Financial exploitation of senior citizens is far too common

Senior citizens have lived long lives and deserve to live comfortably in their final days. Unfortunately, individuals at this age might have some mental, cognitive and physical decline that make them targets for abuse and exploitation. While it should never happen, it is always a possibility.

More than 7,300 reports of elder abuse are taken by the Louisiana Department of Health each year. And, these are only the reported cases. Many others likely go unreported for a variety of reasons. It is estimated that one out of every 44 elder abuse cases involving finances are reported. For the family members of elderly residents of this state, keeping a watchful eye for signs of financial exploitation and abuse is imperative.

What Louisiana parents can learn from celebrity divorce cases

When Louisiana parents decide to end their marriage, they must resolve numerous issues pertaining to their children. Some parents have never been married but also have issues to resolve if they decide to end their romantic relationships. Many celebrities have made the headlines because of divorce issues such as child support and custody disputes, the details of which can often help other parents avoid similar problems.

Britney Spears and Kevin Federline have been in and out of court since their divorce in 2007. Typically, a change in a parent's income or financial lifestyle can prompt litigation. When Federline learned that Spears had secured a high-priced luxury home, he filed a petition to request an increase in the $20,000 per month child support she was paying at the time. A court has children's best interests in the forefront, though it will want to see evidence of need before it modifies an existing court order.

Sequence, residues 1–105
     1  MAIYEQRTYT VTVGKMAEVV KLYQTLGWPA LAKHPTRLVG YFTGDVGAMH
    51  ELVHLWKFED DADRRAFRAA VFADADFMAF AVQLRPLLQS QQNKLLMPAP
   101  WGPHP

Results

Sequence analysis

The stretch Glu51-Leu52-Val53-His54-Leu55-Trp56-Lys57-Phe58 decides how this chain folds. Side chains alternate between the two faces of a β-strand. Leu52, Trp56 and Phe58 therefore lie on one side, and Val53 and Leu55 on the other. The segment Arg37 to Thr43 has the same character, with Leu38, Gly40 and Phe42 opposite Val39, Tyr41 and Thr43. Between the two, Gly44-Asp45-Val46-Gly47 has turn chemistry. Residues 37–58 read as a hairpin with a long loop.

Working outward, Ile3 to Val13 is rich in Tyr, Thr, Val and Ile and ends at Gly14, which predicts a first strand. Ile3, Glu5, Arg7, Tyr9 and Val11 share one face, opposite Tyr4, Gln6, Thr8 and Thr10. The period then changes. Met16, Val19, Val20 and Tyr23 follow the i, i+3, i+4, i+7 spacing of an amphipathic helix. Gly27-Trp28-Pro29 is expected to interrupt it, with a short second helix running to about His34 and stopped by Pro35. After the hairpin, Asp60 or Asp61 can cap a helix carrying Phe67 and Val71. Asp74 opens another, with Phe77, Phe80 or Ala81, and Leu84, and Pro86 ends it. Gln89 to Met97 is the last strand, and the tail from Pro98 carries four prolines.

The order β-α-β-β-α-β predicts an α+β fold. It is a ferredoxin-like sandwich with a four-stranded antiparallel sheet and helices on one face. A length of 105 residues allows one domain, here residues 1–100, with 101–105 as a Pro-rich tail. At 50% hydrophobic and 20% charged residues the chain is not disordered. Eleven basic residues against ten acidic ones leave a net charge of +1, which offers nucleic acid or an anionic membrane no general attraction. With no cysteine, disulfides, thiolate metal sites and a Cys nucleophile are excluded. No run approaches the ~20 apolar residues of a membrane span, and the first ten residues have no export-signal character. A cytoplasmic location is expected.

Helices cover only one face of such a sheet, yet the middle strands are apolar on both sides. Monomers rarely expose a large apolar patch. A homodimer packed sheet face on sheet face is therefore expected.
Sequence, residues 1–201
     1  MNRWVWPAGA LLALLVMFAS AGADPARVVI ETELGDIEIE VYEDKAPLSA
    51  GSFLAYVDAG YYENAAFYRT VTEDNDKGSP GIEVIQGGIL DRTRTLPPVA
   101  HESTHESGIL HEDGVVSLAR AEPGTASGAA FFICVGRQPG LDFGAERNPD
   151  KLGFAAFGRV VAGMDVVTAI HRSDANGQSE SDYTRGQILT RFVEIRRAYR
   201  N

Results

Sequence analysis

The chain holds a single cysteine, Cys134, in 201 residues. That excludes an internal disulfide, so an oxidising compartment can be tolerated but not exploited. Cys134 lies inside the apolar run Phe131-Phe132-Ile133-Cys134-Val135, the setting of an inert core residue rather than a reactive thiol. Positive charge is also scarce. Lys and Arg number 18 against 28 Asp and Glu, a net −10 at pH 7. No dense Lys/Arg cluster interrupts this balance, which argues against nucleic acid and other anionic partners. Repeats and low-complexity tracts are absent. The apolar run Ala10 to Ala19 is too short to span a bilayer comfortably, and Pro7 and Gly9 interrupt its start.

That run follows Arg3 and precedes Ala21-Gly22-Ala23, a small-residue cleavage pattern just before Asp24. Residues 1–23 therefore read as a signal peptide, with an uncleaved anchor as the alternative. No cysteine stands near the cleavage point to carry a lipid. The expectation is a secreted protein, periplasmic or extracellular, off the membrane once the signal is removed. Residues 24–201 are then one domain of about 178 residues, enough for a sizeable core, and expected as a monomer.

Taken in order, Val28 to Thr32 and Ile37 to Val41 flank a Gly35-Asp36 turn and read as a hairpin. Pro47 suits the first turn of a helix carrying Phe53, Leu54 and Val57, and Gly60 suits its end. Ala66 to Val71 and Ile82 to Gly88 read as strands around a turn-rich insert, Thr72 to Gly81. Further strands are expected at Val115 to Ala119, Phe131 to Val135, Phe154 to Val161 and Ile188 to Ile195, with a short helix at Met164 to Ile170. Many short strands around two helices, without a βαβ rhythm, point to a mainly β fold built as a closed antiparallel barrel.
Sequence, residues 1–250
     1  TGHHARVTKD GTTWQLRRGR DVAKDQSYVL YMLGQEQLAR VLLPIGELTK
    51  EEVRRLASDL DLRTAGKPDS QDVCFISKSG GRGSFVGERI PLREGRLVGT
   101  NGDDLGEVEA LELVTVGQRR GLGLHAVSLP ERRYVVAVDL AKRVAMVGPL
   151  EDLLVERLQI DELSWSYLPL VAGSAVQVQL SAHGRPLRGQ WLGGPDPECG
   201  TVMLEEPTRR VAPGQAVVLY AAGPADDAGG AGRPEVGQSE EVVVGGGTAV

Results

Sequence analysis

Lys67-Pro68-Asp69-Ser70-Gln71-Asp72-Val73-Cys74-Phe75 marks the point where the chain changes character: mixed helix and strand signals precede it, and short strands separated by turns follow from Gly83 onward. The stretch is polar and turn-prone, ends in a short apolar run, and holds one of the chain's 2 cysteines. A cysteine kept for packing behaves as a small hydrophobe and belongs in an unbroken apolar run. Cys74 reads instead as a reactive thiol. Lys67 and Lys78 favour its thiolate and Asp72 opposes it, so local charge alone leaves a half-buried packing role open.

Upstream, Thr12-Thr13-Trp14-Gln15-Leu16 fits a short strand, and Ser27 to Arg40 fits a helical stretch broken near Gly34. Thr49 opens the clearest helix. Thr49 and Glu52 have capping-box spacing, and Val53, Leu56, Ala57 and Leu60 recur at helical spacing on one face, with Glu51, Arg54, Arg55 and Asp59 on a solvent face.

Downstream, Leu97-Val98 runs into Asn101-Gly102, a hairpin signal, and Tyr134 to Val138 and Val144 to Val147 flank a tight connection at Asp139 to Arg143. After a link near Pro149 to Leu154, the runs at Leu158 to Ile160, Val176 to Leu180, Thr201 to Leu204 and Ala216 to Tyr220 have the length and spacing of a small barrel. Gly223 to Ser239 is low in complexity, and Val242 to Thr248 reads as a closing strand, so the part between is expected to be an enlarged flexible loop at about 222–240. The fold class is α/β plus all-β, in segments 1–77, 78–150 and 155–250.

Wills: Do they need to go through probate to be viewed?

When a person dies, distributing his or her estate can be a complicated process. Attorneys and financial planners here in Louisiana advise people to have a will to ensure that an estate is handled in the way the deceased person would have wanted it to be. Families or other beneficiaries may need a copy of a person's will, but the method of obtaining it depends on certain factors. Wills filed for probate have to be handled differently than those that have not been filed. 

First, if the will has been filed for probate, it is now part of public record and should be somewhat easier to obtain. The will usually gets filed in the probate court of the corresponding county where the estate owner lived when he or she passed away. The person making the request can appear in person at probate court and simply ask for a copy. He or she will need to pay a fee for the copy, which is calculated depending on the number of pages. If going to probate court in person isn't possible, a request can be sent by mail or fax.

Serving Orleans, St. Tammany, Jefferson, St. Bernard, Washington, St. John the Baptist, St. Charles and Plaquemines Parishes
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Metairie, LA 70002

Phone: 504-662-9596